Avatar is perhaps the easiest thing in recent memory to make fun of. It's hard to even have a conversation about it without someone pointing out that "HA it's just blue cat people!" or "it's just a rip off of Dances With Wolves!" Even discussing the film's failings is difficult, because the general stigma towards it overrides any nuanced criticism. Yet, Avatar passed the 2 billion mark, and easily sailed into a public consciousness.
Regardless of how many make fun of it, it's difficult to escape Avatar as a cultural reference point. It's irritating that when I say I love Avatar, people assume I'm talking about James Cameron's blue aliens. "No!" I say. "I mean the last Airbender." To which they respond with "Oh you mean that M Night Shyamalan film?" NO DAMMIT!
Regardless of how much we mock Avatar as a product, that ten-figure return pretty much guarantees a sequel! With Avatar 2 pretty much an inevitability, what could James Cameron do to make something audiences will take a little more seriously?
Yes, this suggestion sounds a little worn at this point. There has emerged the idea that almost any film could be improved by relying on practical effects. That's basically grounded in the fact that we all liked Star Wars and ET and Indiana Jones as kids, but it also just isn't true. [Mad Max: Fury Road](tag:41445) proved recently that a very happy medium can be found between practical and digital effects, so why can't James Cameron take a leaf out of George Miller's book for Avatar 2?
The public image of Avatar is almost entirely defined by CGI. The first film goes for long swathes basically being an animated film, and any exhaustion in the audience is down to the sheer abundance of things on screen that just aren't there.
By introducing practical effects to Avatar 2 (perhaps for some of the alien creatures on Pandora), James Cameron could at once show good will to movie enthusiasts, and will give a sense of tangibility to a setting that sorely needs it. Don't think Cameron can bring himself to do it? Just look at Aliens! The Alien Queen is a creature with such weight and presence, I almost feel like she's still out there, floating in space now!
Ditch the old characters and story
I'm not suggesting that Avatar 2 retcon the events of the first film. That would achieve nothing. I'm simply pointing out that Avatar wrapped up pretty nicely, with almost no exterior conflicts or incomplete character arcs to provoke a sequel. I usually yawn at people claiming "there's still more story to be told!", but in the case of Avatar 2, there really isn't.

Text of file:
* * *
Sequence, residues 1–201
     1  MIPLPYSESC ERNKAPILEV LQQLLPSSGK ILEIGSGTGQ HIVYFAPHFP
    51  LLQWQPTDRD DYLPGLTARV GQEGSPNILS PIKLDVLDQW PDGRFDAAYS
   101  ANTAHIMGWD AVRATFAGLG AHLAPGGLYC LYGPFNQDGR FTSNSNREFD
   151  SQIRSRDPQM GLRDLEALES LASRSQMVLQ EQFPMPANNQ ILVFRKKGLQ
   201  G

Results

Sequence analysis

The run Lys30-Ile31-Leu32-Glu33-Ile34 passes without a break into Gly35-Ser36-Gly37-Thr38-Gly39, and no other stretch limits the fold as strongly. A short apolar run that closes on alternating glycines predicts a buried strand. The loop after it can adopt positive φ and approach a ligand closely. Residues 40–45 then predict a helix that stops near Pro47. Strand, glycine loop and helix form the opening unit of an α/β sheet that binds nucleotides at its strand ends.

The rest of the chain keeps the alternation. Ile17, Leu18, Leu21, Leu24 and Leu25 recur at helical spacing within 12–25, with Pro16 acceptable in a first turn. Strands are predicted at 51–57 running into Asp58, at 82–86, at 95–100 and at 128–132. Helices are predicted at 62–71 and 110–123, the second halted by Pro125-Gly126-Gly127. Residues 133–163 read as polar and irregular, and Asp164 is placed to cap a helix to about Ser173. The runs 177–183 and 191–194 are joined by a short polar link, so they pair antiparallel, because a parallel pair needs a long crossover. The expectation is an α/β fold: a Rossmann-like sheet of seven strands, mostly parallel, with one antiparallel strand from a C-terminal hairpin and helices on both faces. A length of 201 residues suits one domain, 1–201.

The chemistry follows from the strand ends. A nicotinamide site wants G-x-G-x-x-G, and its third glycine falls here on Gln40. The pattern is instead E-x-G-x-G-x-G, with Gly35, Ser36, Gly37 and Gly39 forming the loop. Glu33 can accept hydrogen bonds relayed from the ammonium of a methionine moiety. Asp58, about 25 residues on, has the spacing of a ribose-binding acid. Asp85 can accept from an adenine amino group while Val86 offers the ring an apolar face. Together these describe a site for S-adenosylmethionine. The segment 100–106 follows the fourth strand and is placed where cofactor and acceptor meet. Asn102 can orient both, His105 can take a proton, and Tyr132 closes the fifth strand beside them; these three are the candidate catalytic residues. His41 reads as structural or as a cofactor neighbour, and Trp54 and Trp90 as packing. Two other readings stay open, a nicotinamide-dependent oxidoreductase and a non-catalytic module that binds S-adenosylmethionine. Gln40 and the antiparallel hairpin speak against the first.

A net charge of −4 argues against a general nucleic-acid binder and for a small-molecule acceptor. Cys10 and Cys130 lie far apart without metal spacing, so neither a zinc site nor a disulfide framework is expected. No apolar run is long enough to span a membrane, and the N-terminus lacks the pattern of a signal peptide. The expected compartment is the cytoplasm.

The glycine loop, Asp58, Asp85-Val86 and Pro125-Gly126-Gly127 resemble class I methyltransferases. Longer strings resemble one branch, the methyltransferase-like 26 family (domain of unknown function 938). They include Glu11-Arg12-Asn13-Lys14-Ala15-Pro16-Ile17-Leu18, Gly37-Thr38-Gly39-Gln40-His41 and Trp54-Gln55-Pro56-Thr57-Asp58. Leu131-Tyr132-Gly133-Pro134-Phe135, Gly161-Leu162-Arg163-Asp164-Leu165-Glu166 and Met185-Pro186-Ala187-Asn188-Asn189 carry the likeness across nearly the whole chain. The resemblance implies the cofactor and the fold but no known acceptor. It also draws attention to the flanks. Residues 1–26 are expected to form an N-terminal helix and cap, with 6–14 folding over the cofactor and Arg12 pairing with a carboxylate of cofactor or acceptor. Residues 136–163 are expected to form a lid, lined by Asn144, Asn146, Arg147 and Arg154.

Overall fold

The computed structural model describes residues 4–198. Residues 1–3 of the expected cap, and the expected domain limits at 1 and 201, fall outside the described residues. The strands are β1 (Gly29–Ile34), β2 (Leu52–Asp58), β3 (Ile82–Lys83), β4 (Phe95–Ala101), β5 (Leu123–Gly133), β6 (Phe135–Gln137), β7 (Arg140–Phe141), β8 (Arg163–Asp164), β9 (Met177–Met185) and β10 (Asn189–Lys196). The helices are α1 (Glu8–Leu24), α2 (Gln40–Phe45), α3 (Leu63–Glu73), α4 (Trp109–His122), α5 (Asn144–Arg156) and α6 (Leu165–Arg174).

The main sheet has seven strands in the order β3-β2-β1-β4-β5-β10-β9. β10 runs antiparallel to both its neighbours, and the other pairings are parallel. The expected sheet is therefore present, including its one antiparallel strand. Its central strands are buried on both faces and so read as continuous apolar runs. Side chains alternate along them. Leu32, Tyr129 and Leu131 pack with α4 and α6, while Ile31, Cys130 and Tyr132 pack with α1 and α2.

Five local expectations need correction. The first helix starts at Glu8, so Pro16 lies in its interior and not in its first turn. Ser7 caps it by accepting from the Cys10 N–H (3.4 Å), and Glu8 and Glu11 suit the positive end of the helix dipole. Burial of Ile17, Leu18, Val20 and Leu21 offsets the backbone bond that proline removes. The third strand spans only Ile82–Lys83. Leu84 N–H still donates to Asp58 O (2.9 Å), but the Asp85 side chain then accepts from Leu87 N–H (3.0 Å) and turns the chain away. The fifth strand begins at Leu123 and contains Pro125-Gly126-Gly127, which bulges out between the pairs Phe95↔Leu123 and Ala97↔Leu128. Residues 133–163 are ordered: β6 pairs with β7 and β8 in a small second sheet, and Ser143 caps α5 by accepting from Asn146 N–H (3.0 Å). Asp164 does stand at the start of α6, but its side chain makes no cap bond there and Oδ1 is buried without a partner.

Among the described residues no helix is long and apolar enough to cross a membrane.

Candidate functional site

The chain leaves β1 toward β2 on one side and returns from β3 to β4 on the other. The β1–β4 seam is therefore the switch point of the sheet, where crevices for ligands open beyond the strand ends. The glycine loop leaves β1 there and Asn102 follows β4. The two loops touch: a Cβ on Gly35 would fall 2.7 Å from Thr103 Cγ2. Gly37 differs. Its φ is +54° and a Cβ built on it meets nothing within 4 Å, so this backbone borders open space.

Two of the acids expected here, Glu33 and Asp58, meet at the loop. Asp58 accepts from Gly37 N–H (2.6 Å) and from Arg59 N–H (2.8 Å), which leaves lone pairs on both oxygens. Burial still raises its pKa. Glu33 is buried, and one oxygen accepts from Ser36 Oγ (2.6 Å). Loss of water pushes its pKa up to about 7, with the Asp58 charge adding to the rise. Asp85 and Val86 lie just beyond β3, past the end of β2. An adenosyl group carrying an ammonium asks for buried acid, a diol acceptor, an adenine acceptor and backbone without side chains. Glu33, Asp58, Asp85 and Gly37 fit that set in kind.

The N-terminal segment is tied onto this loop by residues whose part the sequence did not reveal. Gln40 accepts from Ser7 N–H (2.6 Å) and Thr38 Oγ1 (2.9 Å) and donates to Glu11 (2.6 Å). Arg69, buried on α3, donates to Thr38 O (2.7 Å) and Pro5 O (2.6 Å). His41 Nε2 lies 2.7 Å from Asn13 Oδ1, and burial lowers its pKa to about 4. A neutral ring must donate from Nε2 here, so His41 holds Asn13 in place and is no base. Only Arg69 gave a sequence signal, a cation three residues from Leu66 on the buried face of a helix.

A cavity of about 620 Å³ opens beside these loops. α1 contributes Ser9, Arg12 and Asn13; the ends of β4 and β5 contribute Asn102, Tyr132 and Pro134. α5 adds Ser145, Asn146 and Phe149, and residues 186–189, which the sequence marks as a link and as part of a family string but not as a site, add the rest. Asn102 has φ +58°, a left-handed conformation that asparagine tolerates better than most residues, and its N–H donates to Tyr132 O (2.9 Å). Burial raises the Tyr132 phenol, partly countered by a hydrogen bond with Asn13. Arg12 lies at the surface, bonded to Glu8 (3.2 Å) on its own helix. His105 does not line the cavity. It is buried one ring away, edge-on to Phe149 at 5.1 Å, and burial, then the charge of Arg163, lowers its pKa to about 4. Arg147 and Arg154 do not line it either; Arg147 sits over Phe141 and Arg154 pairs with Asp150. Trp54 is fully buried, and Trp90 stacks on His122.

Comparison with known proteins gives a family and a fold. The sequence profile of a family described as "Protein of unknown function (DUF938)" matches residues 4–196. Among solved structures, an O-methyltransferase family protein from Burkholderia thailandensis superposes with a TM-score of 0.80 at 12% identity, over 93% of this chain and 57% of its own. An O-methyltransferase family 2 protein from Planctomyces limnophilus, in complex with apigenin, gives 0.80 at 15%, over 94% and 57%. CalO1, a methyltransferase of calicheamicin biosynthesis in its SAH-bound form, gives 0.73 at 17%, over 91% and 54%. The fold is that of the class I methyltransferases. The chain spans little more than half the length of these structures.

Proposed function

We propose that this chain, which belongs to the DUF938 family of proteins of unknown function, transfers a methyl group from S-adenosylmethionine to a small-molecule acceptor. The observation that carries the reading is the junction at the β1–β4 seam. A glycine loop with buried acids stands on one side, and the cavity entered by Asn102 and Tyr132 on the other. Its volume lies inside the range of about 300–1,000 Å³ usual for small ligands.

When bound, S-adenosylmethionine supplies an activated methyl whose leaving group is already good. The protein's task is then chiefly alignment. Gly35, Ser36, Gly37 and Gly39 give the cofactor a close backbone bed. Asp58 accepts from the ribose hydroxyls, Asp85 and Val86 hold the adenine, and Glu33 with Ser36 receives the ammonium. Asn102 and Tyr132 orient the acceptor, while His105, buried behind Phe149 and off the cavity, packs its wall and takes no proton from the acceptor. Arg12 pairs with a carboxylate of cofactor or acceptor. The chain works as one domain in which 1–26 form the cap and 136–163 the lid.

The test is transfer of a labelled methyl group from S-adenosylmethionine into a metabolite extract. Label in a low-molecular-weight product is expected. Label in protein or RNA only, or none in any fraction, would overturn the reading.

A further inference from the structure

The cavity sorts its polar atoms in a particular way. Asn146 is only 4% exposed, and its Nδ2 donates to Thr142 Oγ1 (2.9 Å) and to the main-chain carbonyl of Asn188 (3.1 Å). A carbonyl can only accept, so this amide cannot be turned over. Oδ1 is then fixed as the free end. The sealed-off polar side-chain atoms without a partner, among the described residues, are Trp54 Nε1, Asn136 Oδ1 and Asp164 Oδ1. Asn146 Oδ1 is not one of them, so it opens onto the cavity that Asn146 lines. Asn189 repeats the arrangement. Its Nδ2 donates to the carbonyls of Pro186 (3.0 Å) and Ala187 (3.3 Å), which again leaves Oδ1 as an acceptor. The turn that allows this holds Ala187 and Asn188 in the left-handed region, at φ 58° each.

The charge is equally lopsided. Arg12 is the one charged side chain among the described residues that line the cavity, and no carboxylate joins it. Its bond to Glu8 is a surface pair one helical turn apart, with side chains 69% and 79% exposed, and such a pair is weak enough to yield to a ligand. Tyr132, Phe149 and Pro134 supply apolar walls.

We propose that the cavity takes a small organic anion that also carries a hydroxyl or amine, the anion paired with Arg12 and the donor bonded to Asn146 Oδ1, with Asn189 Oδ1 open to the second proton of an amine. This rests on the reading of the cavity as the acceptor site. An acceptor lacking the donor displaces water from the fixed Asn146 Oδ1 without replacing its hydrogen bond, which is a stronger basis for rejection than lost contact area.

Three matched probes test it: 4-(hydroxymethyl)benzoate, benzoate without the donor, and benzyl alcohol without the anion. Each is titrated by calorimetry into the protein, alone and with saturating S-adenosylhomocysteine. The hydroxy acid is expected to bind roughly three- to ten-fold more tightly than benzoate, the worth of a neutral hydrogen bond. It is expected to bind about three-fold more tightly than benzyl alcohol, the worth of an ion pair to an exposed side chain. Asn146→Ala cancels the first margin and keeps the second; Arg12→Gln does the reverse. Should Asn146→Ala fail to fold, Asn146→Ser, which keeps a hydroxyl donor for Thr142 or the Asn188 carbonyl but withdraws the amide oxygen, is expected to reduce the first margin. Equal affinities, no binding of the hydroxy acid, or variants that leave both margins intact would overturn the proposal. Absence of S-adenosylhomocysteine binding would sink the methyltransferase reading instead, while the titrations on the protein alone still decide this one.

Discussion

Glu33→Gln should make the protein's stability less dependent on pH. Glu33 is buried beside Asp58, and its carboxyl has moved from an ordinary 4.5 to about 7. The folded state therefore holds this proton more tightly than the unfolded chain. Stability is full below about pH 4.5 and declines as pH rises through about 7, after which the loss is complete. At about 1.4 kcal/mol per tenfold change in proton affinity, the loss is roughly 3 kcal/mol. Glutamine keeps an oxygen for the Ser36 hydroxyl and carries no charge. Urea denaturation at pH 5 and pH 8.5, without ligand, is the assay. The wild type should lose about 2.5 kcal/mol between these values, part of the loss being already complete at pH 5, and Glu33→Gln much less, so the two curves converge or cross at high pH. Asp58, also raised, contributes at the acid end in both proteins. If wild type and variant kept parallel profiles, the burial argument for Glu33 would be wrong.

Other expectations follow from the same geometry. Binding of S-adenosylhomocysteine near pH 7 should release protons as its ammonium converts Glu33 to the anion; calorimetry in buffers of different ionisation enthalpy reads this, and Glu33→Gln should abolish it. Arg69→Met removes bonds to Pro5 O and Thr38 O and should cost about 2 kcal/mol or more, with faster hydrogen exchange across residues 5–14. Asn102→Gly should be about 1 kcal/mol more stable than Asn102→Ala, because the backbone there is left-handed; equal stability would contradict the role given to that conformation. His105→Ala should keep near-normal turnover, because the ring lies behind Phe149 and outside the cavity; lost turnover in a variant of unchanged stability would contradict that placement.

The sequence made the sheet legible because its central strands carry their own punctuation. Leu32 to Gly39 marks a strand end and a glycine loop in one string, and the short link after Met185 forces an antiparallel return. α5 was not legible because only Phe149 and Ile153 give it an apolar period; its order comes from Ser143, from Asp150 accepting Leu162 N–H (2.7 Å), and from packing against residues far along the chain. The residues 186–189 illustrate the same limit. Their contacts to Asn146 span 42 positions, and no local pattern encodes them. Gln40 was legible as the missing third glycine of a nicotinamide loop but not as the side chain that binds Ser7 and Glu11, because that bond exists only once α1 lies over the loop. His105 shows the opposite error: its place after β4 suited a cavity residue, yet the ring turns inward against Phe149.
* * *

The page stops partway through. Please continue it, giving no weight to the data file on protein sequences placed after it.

Apdopting the anthology format would also expand the Avatar universe, and not confine the audience to characters essentially created only for one film. If James Cameron himself is a trustworthy source, however, it seems everyone is coming back, and that means EVERYONE! Sam Worthington, Zoe Saldana. Even characters who died in the first film like Sigourney Weaver's Dr Grace Augustine and Michelle Rodriguez's Vasquez I mean Chacón are returning. James Cameron must have really loved that original cast, because he seems to be breaking the internal logic of the story just to bring them back.
Swap nature for culture
Cultural imperialism is something the first Avatar shows a fervent interest in, yet demonstrates a complete lack of understanding of. To Cameron's credit, the entire subject of two races/cultures attempting cohabitation yet descending into hostility is a very tricky one to nail. Some recent movies like Dawn of the Planet of the Apes managed it well, so what tips could Avatar 2 take? Well, using pretty nature as a metaphor for an entire people's dignity and heritage is an oversimplification at best. A tree falling down just isn't good enough.
These kinds of situations are driven by the motivations and world views of individuals. Reducing the retaliation of a native people to "oh no you knocked down my sandcastle" just doesn't work. Taking a more measured stance in Avatar 2, perhaps humanising the humans (wow that says something) would let the audience make judgements for themselves, instead of feel like they're watching cartoons.
Let's get this straight. The ocean is incredible, and being in those depths is an experience unlike any other IF you're actually there. When put to screen, underwater stories just feel stagnant and slow. I find The Abyss to be James Cameron's least interesting film for this very reason. With his frankly incredibly intense interest in oceanography, there's always the risk that he will bring us more of his hobby on screen. So long as he avoids this in Avatar 2, we should be fine.